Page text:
I don’t often use taxi service, but when I do, it’s either Uber or Lyft.
[For those hard core friends and fans out there who know I’ve been busting my butt for a car the past 3 months???] 2 days ago, I went a little ways to go check one out, but didn’t have a way to get there, as all my friends were off living their best summer lives [which I completely understand lol] and my father [who is quite a fan of the make of car I was seeking] was working some long hours.
So I took Lyft.
Normally, I use Uber, but the people at Lyft must have really wanted my business in the past year or so because I had all these promotional emails so I thought I’d give it a shot, like it can’t be that different, right?
The guy pulled up on time, happy and smiling when I got in the car.
As we got underway, we opted for the usual small talk [my friend reminded me of the following meme]:
But then we shifted to talking about kids, and work. I told him I was nannying this summer and my driver got lost in his nostalgia, talking about he had grown up playing outside with his friends, climbing trees and chasing animals back home, not with an iPad in front of his face.
We agreed that kids these days are growing up in a different world, that it’s just something we have to combat. And I think that’s when our conversation started to blossom.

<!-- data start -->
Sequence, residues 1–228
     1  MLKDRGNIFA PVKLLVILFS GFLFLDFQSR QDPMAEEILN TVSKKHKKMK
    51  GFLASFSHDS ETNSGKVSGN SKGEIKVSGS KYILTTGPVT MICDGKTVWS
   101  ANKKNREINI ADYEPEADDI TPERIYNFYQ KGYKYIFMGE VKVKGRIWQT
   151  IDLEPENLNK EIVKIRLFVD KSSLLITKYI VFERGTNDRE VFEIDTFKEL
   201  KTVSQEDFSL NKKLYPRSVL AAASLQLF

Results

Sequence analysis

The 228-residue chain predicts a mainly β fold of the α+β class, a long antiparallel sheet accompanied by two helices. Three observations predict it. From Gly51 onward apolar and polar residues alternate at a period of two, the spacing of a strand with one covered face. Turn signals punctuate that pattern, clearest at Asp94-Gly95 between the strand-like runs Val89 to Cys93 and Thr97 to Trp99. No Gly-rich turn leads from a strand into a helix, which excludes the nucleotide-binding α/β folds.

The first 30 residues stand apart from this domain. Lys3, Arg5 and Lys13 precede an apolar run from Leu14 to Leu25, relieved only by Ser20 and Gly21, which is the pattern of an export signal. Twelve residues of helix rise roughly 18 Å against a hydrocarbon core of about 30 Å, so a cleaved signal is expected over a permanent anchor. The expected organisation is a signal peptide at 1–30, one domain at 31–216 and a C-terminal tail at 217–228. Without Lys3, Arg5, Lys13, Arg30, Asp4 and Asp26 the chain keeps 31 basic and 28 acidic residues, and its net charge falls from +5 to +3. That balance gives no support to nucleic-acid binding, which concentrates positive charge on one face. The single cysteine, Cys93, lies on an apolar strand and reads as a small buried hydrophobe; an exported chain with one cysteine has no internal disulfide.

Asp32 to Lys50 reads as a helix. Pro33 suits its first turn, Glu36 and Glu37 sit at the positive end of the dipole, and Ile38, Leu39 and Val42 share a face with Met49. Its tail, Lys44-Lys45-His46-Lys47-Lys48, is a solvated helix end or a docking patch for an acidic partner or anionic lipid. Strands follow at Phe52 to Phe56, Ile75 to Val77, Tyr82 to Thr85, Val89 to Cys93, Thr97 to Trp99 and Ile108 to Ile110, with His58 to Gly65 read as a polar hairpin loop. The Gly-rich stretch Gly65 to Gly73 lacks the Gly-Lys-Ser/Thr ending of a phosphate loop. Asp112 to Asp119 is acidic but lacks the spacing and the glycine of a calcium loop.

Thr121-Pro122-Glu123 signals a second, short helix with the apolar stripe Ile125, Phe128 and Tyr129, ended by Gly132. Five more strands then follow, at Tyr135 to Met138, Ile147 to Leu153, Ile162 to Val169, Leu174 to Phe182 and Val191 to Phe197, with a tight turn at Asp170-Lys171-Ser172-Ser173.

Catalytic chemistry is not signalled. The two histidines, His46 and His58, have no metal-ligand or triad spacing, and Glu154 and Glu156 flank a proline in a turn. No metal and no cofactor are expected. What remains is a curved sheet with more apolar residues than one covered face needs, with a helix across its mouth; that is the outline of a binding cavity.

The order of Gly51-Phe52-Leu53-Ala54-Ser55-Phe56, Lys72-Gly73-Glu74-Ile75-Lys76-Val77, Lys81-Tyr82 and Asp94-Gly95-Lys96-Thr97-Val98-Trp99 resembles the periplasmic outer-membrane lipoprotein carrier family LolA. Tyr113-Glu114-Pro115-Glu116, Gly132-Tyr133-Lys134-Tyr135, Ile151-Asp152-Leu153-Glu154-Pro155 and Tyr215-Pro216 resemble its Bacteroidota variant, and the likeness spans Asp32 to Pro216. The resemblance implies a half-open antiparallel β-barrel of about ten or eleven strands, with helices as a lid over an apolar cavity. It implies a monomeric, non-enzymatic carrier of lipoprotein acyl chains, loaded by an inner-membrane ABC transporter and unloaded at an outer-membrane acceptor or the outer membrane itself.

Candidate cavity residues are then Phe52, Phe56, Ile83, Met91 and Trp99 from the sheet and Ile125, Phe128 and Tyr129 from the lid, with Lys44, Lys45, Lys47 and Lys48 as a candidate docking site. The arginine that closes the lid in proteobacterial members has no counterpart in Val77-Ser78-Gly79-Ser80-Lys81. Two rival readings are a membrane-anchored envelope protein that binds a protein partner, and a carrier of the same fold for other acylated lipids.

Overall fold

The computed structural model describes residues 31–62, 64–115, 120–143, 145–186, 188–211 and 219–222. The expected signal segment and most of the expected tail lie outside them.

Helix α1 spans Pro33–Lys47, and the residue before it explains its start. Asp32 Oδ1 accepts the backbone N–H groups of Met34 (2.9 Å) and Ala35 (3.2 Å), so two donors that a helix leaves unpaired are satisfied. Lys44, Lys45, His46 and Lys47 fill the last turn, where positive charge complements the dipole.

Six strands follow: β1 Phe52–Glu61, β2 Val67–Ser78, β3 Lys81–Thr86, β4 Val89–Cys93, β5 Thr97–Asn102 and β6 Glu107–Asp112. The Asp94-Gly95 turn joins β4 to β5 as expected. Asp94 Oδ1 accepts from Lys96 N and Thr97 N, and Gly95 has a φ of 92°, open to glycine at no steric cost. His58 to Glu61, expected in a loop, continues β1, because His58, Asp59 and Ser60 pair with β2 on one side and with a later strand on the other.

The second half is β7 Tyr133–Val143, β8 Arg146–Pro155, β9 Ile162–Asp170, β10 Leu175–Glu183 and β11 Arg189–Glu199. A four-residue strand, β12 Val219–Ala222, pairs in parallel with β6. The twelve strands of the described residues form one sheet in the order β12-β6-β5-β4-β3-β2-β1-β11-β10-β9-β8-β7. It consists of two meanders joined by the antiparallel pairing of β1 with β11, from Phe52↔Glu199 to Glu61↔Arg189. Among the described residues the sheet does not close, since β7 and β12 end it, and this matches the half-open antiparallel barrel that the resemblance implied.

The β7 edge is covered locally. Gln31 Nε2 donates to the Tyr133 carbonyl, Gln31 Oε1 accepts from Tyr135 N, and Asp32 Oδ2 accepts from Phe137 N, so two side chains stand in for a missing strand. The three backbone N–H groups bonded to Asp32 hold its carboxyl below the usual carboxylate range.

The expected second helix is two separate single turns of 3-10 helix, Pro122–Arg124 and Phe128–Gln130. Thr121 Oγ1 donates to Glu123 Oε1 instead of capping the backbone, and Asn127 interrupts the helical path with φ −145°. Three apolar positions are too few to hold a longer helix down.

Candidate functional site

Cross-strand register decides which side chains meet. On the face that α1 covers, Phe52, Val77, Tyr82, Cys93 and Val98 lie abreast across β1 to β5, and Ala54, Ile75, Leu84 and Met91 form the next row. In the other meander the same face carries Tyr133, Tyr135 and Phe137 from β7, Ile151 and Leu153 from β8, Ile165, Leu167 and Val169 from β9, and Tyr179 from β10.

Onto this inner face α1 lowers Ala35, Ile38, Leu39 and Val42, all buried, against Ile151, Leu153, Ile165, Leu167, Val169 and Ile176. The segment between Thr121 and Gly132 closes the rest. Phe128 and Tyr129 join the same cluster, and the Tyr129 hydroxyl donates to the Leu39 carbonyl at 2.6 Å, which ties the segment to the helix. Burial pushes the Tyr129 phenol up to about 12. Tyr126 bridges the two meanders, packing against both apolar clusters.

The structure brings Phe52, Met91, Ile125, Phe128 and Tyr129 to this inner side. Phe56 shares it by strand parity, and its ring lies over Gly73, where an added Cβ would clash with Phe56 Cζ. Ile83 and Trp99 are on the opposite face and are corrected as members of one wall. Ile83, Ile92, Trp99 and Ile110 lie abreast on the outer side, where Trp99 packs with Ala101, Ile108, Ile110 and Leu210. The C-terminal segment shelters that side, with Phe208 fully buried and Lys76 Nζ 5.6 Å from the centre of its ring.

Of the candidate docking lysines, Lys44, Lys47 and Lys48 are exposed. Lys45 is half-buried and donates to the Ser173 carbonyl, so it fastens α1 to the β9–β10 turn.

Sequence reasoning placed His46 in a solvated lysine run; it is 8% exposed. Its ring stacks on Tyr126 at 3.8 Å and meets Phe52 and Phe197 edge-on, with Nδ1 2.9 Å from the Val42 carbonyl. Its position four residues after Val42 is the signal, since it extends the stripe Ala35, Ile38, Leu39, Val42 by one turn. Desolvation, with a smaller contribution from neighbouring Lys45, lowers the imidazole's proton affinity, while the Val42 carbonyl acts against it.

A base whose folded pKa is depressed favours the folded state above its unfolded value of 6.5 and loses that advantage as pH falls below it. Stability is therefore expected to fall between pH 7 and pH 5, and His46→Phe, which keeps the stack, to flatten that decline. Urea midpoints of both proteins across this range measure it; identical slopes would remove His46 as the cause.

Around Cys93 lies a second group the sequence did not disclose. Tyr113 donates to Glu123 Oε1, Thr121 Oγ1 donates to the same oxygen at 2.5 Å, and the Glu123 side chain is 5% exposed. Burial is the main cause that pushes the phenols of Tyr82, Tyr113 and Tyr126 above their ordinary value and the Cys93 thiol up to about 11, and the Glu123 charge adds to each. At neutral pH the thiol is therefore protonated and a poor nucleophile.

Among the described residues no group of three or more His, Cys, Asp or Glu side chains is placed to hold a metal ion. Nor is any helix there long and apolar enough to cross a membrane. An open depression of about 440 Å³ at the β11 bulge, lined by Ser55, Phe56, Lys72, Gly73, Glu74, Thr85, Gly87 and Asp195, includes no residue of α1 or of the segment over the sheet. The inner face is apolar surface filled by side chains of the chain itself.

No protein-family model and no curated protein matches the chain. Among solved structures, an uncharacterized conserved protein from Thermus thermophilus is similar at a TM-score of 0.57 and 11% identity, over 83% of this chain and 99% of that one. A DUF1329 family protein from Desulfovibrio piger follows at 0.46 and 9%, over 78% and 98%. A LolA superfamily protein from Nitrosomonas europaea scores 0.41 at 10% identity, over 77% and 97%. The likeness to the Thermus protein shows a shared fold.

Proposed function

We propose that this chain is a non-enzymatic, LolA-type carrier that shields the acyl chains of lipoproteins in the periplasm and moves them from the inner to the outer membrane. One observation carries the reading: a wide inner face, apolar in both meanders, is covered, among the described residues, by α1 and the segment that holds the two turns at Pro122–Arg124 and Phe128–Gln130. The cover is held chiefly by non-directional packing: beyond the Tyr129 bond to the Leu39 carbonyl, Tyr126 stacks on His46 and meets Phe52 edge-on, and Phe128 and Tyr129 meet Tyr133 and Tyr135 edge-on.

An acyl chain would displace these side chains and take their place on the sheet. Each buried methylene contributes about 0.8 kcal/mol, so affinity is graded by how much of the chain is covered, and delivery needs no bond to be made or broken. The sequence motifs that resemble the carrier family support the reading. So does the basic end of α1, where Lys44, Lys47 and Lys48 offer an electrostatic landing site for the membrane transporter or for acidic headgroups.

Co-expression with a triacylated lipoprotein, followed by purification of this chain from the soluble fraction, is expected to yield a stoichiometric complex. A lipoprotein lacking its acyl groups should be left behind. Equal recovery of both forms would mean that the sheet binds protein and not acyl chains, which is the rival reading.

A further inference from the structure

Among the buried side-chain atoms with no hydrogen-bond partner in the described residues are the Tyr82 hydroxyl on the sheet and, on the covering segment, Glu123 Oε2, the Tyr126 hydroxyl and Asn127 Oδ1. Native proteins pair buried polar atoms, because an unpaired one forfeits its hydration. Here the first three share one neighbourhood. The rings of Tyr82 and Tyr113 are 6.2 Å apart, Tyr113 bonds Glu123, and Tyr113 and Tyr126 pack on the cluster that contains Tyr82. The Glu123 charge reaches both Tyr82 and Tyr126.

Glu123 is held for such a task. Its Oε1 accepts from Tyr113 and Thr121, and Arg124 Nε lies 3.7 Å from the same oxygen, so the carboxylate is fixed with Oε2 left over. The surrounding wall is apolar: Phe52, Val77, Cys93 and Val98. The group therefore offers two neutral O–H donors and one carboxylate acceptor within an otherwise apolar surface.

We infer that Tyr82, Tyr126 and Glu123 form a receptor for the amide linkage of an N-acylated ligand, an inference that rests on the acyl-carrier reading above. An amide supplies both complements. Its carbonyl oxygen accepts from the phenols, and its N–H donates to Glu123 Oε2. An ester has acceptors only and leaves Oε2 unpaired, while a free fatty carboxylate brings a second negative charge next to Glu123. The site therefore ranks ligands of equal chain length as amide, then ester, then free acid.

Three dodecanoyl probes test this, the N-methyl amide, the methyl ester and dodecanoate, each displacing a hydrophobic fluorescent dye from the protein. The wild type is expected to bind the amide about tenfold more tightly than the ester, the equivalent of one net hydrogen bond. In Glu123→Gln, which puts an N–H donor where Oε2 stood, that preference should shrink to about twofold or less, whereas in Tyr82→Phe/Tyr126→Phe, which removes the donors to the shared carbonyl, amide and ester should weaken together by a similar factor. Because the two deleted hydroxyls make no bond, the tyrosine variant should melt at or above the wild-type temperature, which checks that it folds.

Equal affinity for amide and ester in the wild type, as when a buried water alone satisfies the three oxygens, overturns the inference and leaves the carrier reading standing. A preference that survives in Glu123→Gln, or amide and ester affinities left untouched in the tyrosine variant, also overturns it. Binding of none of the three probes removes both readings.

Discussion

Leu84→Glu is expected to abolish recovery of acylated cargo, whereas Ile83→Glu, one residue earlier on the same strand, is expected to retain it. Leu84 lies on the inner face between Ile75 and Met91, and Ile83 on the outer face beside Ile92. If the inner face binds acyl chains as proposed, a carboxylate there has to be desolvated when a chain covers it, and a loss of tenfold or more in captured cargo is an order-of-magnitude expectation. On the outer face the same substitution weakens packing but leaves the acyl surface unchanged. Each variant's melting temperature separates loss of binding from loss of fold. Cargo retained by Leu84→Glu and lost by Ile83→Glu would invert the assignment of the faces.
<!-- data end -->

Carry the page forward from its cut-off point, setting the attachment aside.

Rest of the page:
I, unlike the above meme, don’t want to make the ride feel uncomfortably tense… I asked my driver if driving was a side gig for him and then he told me about how he was going to school for aviation but absolutely hated it, and wants to be a programmer instead, and drives in the meantime to build up the money for that additional schooling.
“I just didn’t have passion for it anymore. Once you lose that, it’s hard to keep going in the work,” he said. I told him I felt him on a really deep level with that one… that all I wished for was to be happy in my work life… And we agreed that it’s never too late to do that kind of three-point turn away from something you had pursued previously to pursue a completely different path. Sure, it can be expensive, but it’s doable.
“But I like the people,” he continued in that warm, rich Jamaican accent that reminded me of one of my middle school teachers. “I get to drive with people from everywhere, different cultures, different backgrounds, different traditions… and I get to share that with them in the ride. I’ve been able to drive a lot of fascinating people around, and sometimes I’ll ask what they do, and they’ll tell me and sometimes it’s fascinating work, and if I’m interested in it I get to ask them all sorts of questions, so it’s like this great way of networking, too.”
He then told me about his favorite food chains in the area [I hadn’t eaten yet and I’d mentioned how good something from McDonalds or chipotle would be at that moment] and he laughingly told me about his love for hot sauce.
Once I got where I was going, he dropped me off, he waved goodbye, and we wished each other well.
It’s crazy how that works—neither of us will probably ever see each other again.
But I understood then what he meant, about enjoying driving right now because he got to connect with people, if only for a moment, along their path from point A to point B.
“If everybody could have these talks with strangers like this,” he wondered aloud. “Wouldn’t the world be a little better place to live in?”